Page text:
If you buy car insurance in Maryland, you will likely purchase something called uninsured motorist coverage.
Attorneys call it UM for short. You may see it abbreviated as “UM/UIM” on your car insurance declarations page.
Almost nobody understands it when they buy it. State law sort of forces it on you. So, most people have it, pay for it, and don’t really understand it.
This post will explain what uninsured motorist coverage is, how it protects you, and how it will work in your case.
This post is one of our client resources, and you may be reading it because I directed you here to explain how UM coverage works in your case.
This post is a bit longer than most, but stick with it because you have to understand this. Call me if you have any questions.
Please note that this is one of the most technical areas of car accident and personal injury law. In order to explain it, I have to overgeneralize. I will leave out some details. If those details are important in your case, I will explain them to you. (And to find out how insurance works in car accident cases in general, be sure to see our Free Legal Consumer Guide on car accidents.)
What is Uninsured Motorist Coverage?
UM coverage is a type of insurance you likely have in your car insurance policy. Check your insurance policy declarations page (the one that tells you how much coverage you have) and you will see it listed there.
This is technically two types of insurance coverage rolled into one.
- Uninsured coverage provides insurance coverage for you if you are hit by another driver who has NO valid insurance coverage.
- Underinsured coverage provides insurance for you if you are hit by another driver who has some insurance coverage, but not enough to cover your damages.
To keep things simple, I will refer solely to Uninsured Motorist coverage when I write about both types.
When will I need Uninsured Motorist Coverage?
Uninsured coverage comes into play in three instances:
- Your accident is caused by a car with NO valid insurance coverage. This usually happens because some idiot let their insurance lapse, which is a crime.
- Your accident is caused by a “phantom vehicle.” This is a car that flees the scene, or one you cannot identify in order to go after their insurance.
- Your accident is caused by a car with too little insurance coverage to properly cover your damages.
Keep in mind that when you make a claim on your own uninsured motorist coverage, you are limited by the policy limits of your own insurance policy.
Unless you have opted for enhanced uninsured motorist coverage, you will be stuck with your own uninsured motorist limits as the maximum recovery in your case. If you have $100,000 UM coverage, then you are going to get a maximum of $100,000 for your case.
If the other driver’s policy limits are less than your policy limits, you can take the full amount of their policy as a first step. Then you can make a claim on your own insurance for the difference between their policy limits and your own limits.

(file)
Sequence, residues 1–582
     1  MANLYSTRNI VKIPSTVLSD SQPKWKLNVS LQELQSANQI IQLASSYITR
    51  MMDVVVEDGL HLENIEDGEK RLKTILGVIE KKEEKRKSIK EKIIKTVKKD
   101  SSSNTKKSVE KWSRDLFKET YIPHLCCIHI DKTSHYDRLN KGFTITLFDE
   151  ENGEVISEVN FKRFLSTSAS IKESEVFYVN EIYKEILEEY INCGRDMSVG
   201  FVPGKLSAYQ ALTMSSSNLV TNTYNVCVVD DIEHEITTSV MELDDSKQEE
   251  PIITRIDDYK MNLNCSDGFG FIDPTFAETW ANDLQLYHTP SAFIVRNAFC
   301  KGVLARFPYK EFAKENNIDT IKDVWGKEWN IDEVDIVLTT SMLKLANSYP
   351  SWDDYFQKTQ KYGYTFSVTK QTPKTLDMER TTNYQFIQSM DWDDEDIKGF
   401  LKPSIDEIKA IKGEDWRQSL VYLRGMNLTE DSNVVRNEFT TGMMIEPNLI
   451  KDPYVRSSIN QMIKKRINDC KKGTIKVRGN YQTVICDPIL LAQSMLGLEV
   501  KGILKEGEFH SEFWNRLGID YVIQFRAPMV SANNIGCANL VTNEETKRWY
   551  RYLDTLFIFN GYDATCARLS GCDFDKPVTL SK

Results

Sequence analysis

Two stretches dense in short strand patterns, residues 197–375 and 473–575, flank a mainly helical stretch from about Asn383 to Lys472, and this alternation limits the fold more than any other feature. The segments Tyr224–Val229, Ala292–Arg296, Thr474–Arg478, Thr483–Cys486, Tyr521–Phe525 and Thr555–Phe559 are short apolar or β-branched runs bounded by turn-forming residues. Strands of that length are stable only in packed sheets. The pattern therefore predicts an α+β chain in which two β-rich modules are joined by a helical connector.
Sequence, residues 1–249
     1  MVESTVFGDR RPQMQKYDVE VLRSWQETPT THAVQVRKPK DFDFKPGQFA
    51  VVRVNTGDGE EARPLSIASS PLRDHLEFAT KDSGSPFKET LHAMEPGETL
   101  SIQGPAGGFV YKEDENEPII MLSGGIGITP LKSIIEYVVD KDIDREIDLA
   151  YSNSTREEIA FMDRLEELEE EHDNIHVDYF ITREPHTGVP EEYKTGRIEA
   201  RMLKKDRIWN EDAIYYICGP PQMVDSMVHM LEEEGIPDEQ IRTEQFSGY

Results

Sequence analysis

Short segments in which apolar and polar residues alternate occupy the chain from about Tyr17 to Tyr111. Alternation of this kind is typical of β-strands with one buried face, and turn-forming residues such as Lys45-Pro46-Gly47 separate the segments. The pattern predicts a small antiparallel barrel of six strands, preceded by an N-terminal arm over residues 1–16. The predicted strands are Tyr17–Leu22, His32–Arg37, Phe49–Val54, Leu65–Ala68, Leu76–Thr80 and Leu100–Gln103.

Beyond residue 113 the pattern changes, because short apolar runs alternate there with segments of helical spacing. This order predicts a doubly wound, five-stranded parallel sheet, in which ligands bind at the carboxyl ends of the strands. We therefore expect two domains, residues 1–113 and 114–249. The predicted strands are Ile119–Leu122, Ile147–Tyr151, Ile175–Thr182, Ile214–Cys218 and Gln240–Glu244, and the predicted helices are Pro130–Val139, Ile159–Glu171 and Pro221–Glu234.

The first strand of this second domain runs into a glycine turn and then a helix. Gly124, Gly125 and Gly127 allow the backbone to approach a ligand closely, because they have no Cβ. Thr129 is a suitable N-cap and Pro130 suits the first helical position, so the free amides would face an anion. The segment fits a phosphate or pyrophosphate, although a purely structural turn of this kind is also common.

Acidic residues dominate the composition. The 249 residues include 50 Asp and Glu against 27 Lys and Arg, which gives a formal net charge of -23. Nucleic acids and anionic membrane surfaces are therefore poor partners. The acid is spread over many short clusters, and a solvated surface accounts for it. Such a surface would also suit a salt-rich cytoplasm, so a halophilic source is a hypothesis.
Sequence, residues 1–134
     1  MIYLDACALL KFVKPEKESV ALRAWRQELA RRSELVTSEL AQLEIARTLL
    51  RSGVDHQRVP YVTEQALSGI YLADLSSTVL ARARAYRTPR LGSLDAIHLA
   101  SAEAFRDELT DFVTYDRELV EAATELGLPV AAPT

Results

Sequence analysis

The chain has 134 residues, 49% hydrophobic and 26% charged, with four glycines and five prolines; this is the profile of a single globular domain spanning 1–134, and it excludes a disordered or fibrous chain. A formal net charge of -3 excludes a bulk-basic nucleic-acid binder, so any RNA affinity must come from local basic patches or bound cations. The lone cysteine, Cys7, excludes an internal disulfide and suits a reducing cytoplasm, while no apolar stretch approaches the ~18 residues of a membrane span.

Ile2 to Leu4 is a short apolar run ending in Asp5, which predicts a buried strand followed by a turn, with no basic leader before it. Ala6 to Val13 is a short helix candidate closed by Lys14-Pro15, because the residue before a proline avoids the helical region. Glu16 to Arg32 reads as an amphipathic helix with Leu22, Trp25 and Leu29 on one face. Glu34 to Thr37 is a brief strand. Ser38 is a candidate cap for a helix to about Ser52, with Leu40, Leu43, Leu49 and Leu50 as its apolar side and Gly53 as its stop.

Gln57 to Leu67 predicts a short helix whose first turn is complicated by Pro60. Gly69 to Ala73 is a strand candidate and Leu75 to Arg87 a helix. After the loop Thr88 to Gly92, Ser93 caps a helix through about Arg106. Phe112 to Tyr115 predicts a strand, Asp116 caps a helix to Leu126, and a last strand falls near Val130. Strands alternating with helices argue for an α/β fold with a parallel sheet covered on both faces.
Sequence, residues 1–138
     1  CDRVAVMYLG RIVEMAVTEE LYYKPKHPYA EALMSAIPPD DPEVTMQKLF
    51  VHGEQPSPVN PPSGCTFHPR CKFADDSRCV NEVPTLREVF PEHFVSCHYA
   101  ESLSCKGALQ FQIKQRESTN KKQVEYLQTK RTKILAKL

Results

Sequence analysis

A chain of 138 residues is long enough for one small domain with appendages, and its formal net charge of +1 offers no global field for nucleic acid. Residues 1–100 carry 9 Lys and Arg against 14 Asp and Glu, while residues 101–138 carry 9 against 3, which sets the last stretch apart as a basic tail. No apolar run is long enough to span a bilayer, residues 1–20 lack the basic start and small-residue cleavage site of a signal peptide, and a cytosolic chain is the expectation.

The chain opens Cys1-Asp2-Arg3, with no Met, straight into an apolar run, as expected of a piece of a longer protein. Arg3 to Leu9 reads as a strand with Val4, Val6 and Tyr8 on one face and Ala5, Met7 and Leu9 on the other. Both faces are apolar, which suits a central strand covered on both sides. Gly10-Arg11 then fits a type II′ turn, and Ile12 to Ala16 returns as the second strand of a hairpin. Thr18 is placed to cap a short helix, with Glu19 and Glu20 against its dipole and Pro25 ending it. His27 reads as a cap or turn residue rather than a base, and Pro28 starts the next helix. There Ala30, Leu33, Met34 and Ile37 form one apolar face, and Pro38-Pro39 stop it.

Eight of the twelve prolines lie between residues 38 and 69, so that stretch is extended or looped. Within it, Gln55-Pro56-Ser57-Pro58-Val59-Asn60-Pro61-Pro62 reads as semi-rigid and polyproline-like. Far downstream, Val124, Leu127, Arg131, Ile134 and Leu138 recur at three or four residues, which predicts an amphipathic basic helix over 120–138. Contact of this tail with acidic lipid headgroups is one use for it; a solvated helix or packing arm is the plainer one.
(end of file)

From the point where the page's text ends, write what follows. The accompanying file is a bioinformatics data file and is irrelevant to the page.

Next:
But the maximum recovery you can get is the value of your policy limits. Your insurance makes up the difference. It doesn’t add your limits on top of their limits – unless you opted for enhanced uninsured motorist coverage.
Examples To Help Explain:
This is complicated and requires examples to explain. (But first, please note Maryland law mandates very specific procedures to follow in order to take both policies. If you screw up the procedures, you will be unable to make a claim on your own UM policy. Do NOT attempt this without an attorney!)
Example A: Uninsured Driver or Phantom Vehicle
Say Joe Blow is driving a car without insurance, and he causes an accident. In that case, you are stuck with your own uninsured motorist limits as the maximum recovery for your case. There is no other insurance company to sue, because Joe Blow stupidly let his insurance lapse.
So, you just pursue your own insurance policy, and you are stuck with your own limits. (Joe Blow, meanwhile, gets a criminal charge because driving without insurance is very, very naughty in the eyes of the State of Maryland.)
This same example applies if an unknown driver cuts you off, causes an accident, and flees the scene. Again, there is no identifiable insurance company to go after.
Example B: Underinsured Motorist
This is where it gets complicated. Say Justin Case rear ends you and causes $75,000 worth of damage. But Justin only has $30,000 insurance coverage (the state required minimum as of this writing).
You, meanwhile have $50,000 in uninsured motorist coverage. You can get a maximum of $30,000 from Joe and his insurance company. But then you can make a claim on your own insurance for the additional $20,000 in damages, to give you a total of $50,000.
You cannot get the full $75,000 in damages because nobody has insurance limits that high.
See how that works? Your insurance coverage makes up the difference between Joe’s coverage and the value of your case, but only to the maximum amount of your policy limits. Unless you get the enhanced UM/UIM coverage, you cannot add the two together. You only get the difference.
In this particular example, you are never going to get a full recovery in your case. Your case is worth $75,000. But you only have $50,000 maximum coverage. There is nowhere to get that additional $25,000 to give you the full value of your recovery.
You are going to have to make do with the $50,000 you got. That is all there is. There is no source from which to get additional money. (Technically you can sue Justin Case personally and get the difference from him. But this isn’t practical because if Justin had any money he would likey have better car insurance! We will check on this to be sure, but rarely a good option.)
For what it’s worth, I have always thought this is a bad law. Most people think they can get the full value of their own uninsured motorist limits on top of the adverse driver’s limits. That is what any reasonable person would assume by just reading your declarations page.